One in Five College Women Sexually Assaulted, White House Addresses Issue

One in Five College Women Sexually Assaulted, White House Addresses Issue

TYLER (KYTX) -- Every two minutes in the U.S. an american is sexually assaulted, and one in every five college women will have it happen to her.

"I know it can happen, and I know people that it's happened to -- not specifically at this school, but at other schools, and friends from high school as well," UT Tyler student Paul Ross said.

In an effort to change that, the White House has declared April National Sexual Assault Awareness and Prevention Month, hoping colleges nationwide will shine a spotlight on the issue and encourage more victims to speak out.

According to the Justice Department, fewer than five percent of college women who are victimized by rape and sexual assault actually report it themselves -- an alarming statistic considering just how many women are being victimized.

"What we really want to do is to get them to report more, because we can't service them, we can't get any help to them if we don't know what's happening," Samantha Dwight, Health Education Specialist at UT Tyler, said. 

Recently a Harvard student -- who claims she was violently assaulted on campus by another student who lives in her dorm -- has slammed the school's policies, saying she was ignored by college officials when she reported it.

It's stories like these, Dwight says, that discourage other students from speaking out.

"There's still a lot of stigma involved in reporting a sexual assault," she said. "In some ways the news coverage doesn't help. When you see other college campuses are handling it badly, you're going to assume your college campus is the same."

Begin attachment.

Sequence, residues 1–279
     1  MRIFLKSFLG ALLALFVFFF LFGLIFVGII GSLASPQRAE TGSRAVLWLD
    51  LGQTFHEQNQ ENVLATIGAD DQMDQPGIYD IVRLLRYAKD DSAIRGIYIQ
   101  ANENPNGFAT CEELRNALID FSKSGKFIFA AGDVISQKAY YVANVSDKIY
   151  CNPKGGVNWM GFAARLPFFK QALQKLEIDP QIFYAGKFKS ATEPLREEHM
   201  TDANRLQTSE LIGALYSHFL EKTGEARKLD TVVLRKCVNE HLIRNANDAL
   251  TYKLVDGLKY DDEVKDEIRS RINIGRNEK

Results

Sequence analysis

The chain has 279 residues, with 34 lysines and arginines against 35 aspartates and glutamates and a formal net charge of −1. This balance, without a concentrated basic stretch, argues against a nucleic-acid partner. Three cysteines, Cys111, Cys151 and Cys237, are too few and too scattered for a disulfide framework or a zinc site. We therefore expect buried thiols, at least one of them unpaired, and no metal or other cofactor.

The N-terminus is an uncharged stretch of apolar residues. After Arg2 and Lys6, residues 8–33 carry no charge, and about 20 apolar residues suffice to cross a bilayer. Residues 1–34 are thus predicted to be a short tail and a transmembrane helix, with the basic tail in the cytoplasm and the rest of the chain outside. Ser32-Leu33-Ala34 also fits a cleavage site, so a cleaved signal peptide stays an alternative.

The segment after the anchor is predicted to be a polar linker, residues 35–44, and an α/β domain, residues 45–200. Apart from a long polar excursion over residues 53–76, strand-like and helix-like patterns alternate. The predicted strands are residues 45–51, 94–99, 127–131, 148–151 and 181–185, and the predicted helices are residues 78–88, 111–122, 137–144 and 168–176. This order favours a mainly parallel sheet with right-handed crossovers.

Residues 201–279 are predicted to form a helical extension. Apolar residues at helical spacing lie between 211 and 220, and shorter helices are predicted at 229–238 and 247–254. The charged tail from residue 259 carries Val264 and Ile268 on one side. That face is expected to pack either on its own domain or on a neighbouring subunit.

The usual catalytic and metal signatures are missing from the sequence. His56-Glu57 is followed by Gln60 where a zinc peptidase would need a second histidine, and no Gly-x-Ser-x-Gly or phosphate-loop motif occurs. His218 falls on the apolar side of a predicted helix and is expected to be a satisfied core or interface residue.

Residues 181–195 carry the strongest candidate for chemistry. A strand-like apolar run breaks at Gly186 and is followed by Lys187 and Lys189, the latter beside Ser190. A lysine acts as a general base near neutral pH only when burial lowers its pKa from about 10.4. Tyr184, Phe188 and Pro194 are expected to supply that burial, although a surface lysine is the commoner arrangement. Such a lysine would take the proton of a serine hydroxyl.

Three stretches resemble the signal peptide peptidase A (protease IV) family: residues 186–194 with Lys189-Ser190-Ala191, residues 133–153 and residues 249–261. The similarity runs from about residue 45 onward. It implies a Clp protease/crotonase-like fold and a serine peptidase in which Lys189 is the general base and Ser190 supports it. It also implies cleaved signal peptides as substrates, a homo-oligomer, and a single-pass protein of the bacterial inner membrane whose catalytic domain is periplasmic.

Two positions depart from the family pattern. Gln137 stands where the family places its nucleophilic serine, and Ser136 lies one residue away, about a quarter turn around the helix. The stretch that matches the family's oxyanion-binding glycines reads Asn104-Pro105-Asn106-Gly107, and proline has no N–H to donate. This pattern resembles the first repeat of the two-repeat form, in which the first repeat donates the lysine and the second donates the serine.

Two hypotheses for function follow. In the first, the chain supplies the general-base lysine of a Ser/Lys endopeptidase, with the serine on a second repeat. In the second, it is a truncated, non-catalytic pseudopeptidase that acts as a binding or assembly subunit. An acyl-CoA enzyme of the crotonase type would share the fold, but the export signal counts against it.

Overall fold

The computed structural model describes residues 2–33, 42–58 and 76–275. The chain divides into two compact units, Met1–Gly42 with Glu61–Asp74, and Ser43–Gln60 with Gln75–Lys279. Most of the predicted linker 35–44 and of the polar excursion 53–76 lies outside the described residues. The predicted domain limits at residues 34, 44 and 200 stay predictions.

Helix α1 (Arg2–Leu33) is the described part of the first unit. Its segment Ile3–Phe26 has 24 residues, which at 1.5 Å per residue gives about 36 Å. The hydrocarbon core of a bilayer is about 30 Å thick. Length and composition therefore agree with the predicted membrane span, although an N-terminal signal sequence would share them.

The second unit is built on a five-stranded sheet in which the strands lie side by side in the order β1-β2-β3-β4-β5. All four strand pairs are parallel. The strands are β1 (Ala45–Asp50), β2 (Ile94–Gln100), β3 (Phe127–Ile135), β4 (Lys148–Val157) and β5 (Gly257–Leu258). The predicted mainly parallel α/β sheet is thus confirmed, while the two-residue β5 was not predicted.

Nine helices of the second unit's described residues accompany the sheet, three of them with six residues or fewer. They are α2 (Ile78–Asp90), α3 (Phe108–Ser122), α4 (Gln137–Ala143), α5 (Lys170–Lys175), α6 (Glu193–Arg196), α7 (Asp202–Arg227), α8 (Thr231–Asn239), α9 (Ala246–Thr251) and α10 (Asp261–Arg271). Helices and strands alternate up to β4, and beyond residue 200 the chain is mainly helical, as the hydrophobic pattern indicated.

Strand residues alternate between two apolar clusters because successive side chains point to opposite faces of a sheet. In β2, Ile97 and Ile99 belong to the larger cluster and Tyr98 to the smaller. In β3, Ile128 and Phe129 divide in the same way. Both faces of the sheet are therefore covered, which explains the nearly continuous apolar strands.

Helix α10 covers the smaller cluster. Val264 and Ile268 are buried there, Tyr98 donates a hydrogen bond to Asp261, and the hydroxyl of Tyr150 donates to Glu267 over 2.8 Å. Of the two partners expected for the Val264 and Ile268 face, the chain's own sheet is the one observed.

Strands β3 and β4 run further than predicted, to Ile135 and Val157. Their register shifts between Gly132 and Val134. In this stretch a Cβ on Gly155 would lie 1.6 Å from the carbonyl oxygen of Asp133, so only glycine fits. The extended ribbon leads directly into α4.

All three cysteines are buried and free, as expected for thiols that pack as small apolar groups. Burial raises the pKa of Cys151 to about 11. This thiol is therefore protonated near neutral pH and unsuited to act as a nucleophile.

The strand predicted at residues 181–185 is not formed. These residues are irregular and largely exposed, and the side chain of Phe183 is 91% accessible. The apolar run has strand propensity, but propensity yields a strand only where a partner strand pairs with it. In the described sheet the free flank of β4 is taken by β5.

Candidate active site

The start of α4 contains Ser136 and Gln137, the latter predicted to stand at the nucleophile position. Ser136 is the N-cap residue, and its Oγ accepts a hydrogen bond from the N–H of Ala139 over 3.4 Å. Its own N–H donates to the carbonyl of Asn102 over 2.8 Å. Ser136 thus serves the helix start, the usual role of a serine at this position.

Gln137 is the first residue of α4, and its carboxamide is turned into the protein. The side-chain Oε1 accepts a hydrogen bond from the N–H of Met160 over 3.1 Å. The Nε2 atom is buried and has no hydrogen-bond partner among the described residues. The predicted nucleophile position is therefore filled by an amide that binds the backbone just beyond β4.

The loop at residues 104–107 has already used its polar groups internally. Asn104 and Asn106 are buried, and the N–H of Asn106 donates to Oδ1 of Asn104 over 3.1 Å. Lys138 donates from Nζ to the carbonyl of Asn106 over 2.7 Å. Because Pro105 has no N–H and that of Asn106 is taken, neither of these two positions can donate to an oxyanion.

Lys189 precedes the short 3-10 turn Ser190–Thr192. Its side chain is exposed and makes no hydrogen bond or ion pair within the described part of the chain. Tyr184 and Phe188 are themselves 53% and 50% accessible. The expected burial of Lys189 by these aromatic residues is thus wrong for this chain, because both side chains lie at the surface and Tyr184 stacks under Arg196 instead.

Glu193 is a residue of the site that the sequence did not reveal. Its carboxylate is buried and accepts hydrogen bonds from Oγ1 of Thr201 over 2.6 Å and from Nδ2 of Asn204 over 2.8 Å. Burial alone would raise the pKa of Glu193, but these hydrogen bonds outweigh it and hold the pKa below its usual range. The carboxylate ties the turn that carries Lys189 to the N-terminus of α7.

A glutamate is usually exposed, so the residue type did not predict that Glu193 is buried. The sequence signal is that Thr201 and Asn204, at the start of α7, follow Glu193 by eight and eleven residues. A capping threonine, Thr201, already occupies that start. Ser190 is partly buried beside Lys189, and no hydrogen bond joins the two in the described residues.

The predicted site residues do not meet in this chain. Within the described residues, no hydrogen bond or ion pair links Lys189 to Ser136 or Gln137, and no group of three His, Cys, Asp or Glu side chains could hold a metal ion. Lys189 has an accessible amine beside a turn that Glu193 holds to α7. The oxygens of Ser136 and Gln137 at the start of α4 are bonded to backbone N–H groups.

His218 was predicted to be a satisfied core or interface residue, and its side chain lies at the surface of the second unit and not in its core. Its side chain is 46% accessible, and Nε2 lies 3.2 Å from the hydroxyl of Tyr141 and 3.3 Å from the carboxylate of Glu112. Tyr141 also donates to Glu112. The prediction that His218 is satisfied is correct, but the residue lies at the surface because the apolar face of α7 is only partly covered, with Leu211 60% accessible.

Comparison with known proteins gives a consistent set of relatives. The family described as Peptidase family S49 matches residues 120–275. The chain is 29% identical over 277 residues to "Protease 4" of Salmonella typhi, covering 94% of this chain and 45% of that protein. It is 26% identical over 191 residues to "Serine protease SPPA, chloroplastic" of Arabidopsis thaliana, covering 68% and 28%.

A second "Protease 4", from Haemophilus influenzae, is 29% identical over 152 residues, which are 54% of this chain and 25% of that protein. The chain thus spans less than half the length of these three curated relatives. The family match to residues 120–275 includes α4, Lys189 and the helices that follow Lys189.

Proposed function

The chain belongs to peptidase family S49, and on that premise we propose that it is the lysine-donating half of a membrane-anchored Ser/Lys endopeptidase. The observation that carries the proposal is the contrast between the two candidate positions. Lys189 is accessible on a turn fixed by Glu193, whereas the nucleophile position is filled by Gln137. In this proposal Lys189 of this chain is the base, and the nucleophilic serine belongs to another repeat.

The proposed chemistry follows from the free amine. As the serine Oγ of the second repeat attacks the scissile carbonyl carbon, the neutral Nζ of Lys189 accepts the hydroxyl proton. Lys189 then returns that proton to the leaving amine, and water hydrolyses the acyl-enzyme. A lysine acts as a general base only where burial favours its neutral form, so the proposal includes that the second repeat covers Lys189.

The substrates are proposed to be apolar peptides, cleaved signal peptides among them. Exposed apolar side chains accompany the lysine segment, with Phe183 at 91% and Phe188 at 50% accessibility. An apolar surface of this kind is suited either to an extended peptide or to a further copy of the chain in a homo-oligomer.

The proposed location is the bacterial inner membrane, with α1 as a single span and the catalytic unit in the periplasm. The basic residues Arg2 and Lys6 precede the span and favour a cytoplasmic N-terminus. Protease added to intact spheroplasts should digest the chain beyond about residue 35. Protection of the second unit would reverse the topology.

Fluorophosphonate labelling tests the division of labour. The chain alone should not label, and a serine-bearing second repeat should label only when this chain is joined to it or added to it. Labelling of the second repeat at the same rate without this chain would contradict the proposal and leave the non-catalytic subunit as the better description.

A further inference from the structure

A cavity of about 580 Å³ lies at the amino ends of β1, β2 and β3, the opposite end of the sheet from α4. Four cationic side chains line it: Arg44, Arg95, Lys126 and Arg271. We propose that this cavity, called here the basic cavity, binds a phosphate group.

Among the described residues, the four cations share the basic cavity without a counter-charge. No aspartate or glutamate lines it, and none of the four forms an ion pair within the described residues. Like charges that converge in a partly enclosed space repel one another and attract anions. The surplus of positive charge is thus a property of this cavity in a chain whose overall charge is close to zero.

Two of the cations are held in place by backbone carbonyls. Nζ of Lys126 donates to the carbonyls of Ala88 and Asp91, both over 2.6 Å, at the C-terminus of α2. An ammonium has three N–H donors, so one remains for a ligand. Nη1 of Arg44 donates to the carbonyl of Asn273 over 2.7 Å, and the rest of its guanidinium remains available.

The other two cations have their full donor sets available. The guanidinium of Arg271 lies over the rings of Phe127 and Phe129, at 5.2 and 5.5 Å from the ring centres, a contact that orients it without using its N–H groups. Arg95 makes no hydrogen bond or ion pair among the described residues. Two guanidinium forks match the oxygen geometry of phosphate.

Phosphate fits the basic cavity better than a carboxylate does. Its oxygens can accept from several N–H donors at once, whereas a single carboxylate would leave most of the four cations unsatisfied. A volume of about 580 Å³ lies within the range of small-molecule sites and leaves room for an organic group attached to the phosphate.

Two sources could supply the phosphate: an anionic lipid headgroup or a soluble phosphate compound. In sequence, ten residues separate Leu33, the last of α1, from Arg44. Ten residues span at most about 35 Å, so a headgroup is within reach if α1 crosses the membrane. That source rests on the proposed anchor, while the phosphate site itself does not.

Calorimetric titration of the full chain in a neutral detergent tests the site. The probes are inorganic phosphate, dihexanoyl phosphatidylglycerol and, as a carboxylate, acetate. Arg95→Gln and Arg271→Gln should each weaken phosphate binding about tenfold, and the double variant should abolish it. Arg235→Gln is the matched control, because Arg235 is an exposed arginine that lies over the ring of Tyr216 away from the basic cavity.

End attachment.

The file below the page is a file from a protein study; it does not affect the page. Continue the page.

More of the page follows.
A new White House task force has been created to help colleges prevent these assaults, and President  Barrack Obama is calling on men to get more involved in the effort.

"I definitely think if guys seeing it and even hearing about it -- if they would step up and speak out against it -- that would definitely help prevent that and help in future cases because that would go a long way in deterring other people from doing it," Ross said. 

One way UT Tyler is encouraging more victims to speak out is through anonymous surveys. According to those surveys, there were five cases of sexual assault on the campus between 2010 and 2012. Since a majority of sexual assaults go unreported, a lot of the data the Justice Department and other organizations use come from anonymous surveys like this one.

Students at UT Tyler can report sexual assaults anonymously on the school's website -- whether it happened to them or someone they know.

In the fall the school will roll out a new online program that will teach students how to stop a sexual assault before it happens, and how to confront the stigma associated with reporting it. 




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